Before I broke ground on what will hopefully be my first completed short story (should finish the first draft this weekend), I fell into what many seem to find – the spinning black hole that is research, research, and continual research. Looking back, I wish I had kept track of the enormous amount of time I wasted. I’m sure it’s a ridiculous number, however, I did find a few diamonds sites that will continue to prove worthwhile.
Part of my research focused on character creation, more specifically how a writer’s characters take shape and come alive. I’ve never had a problem with putting the basics on paper but was and still am very interested in hearing how others do it. There is a ton of material out there for this, especially if you count the character sheets and generators normally used for role-playing games. Since my initial writing will be in the fantasy genre I ran into a ton of that type of thing. I actually stayed away from them and kept my search pointed toward those websites and resources focused on helping writers.
There are two main websites the proved extremely helpful.
1. The resource page of National Novel Finishing Month
Each of them have more materials than I’ve even used at this point, but I really like the generators on The Seventh Sanctum and the character sheets on NaNoFiMo. The generators are amazing. While I haven’t used anything exactly as it was ‘generated,’ I have used it several times when I hit a block on how my new character, Yuri, might act or some of the experiences he might have.
The character sheets, on the other hand, I honestly haven’t used much but can see how they’d prove helpful. My thought is to establish the basics of who Yuri is and then let him evolve before working on things like his background story, motivation, etc. I did start out with a basic outline of his character but found that as soon as I started writing him into his current situation, he changed tremendously. He went from an elf, to a dwarf, to a gnome, which of course meant that most everything else had to change too. We’re now to the point that I can mentally see him and feel like I’ve gotten to know him, so maybe I’ll fill that sheet out again in the not-to-distance future.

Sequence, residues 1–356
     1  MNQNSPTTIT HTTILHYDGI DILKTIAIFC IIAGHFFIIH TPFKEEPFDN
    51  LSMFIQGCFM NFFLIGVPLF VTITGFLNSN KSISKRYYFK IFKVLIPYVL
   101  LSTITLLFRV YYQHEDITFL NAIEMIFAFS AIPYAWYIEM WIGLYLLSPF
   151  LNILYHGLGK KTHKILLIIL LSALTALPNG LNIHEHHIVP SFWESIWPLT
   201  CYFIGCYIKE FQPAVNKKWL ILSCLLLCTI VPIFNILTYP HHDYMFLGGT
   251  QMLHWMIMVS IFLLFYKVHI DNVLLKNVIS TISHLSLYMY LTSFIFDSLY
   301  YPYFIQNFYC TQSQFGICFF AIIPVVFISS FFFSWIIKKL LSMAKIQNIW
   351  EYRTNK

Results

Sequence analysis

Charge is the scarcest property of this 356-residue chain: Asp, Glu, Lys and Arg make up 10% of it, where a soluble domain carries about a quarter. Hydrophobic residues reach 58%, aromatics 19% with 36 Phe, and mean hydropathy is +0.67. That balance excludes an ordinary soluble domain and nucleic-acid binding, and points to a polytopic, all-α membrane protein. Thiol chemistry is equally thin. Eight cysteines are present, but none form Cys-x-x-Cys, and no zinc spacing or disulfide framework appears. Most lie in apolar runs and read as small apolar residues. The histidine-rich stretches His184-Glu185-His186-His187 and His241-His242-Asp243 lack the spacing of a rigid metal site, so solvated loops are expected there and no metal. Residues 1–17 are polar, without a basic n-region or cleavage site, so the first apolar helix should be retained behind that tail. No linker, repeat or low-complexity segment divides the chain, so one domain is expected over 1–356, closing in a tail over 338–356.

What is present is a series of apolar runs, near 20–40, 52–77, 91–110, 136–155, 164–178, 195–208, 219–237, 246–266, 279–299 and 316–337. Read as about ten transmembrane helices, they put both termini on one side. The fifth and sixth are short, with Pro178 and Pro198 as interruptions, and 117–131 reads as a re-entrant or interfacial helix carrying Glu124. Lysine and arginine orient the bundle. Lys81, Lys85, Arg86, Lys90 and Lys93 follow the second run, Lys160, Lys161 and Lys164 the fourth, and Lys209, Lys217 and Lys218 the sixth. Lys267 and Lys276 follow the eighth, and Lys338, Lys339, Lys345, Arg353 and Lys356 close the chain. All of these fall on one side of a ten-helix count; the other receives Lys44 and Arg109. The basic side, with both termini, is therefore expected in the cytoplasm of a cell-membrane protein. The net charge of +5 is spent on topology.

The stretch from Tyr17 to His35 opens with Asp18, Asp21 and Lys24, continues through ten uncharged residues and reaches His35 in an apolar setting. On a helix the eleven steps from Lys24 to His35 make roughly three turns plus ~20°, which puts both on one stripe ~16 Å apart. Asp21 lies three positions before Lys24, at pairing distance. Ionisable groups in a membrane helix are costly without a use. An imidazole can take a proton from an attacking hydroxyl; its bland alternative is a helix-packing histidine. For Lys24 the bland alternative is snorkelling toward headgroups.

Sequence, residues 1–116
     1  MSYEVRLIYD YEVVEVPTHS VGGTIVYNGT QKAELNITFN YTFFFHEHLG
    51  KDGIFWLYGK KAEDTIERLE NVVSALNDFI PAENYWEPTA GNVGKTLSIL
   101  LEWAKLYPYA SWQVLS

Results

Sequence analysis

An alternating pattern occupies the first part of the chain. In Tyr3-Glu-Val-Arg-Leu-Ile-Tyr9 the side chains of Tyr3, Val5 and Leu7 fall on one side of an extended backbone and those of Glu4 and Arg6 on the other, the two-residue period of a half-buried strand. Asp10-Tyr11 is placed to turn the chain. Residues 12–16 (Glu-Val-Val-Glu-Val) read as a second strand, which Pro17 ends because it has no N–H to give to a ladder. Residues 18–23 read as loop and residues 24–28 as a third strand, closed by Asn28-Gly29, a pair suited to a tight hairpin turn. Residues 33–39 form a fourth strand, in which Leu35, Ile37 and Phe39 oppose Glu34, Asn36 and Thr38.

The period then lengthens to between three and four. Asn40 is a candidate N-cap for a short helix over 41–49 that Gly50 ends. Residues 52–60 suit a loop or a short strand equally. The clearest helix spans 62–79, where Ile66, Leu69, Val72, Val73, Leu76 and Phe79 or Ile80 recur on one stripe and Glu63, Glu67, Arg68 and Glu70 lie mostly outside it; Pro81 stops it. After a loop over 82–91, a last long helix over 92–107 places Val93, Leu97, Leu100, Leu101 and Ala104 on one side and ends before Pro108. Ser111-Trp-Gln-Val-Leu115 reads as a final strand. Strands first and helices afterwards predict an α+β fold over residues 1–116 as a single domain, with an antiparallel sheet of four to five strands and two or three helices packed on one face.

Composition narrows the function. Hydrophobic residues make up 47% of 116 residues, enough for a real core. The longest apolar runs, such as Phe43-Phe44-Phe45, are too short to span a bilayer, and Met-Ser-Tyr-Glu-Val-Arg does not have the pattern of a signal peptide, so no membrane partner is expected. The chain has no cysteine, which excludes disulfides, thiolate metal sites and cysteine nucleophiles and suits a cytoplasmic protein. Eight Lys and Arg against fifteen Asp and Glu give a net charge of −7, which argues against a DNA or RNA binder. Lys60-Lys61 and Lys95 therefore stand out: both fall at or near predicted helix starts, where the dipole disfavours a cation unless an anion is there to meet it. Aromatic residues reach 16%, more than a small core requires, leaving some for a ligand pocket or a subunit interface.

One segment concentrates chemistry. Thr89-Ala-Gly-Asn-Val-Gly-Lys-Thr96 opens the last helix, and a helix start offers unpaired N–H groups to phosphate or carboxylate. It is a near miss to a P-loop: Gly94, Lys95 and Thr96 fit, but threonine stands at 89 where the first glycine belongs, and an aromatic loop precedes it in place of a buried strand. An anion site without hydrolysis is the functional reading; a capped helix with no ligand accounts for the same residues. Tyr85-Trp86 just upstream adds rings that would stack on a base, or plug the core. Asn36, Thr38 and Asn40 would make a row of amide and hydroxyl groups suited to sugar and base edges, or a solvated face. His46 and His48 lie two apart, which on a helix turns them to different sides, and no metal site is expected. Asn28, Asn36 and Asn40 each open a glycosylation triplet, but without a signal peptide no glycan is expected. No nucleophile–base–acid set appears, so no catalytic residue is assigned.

If anyone out there has had experience using anything similar, please feel free to comment. I’d still love to hear how others develop their characters, and whether or not you’ve had success with things like the generators or character sheets.
It’s amazing how much a broken ankle is a perspective changing event. Suddenly, I can’t go outside by myself for fear of slipping on the ice. All the small things are now so much more time-consuming and difficult. I now understand why elderly people will fight tooth and nail to keep their right to drive. Mobility means so much in this world.
Since I have so much free time and the lack of mobility to do much with it, today I’m going to bring back a past-time from my creative-writing days. People-watching. Not in the sense of making fun of people but in a more constructive way.
Here’s the process. Go to a comfortable place with a fair amount of public present – i.e. a coffee shop, mall, etc. You’ll need a notepad and a pen or a laptop. Coffee shops are generally my favorite because the clientele tend to stay longer than what you might get in other public places. Find somewhere comfortable to sit and then just look around.
Take in your surroundings. Make notes on the background sounds, smells, overall atmosphere. Then take a look at some of the people around you. Find someone who catches you as interesting. This will be your character. They could be very similar to you or you could be complete opposites. You’ll find that the type of person you focus on will change every time you do this.
Once you’ve found your character, you have two main options on how to write. You can try to put yourself in their shoes, making their story as realistic as possible for this person. Or you can just write, using the real person as a starting point but not worrying where their story takes you. Now write. Write their background, their life, why they’re in the coffee shop, anything that helps explain who they are. Spend at least 15 minutes continuously writing, with no pauses. Don’t stop short though, if 15 minutes isn’t enough just keep going.
Once you’re done, relax and give your character a name. Then put your pages away and don’t look at them for at least a day. This will give you some separation before you do any revising.
If any of you should happen to do this, let me know how it goes. I’ve always been a huge fan of people watching and really enjoy taking it this extra step.